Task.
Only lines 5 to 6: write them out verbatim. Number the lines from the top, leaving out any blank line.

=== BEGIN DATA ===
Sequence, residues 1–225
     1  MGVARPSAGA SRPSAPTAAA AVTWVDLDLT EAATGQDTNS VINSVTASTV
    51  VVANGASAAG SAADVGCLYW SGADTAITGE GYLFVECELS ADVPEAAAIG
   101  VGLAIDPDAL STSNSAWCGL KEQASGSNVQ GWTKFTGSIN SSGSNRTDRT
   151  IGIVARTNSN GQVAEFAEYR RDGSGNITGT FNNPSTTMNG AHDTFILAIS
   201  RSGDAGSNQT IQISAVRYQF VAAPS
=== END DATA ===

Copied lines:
   151  IGIVARTNSN GQVAEFAEYR RDGSGNITGT FNNPSTTMNG AHDTFILAIS
   201  RSGDAGSNQT IQISAVRYQF VAAPS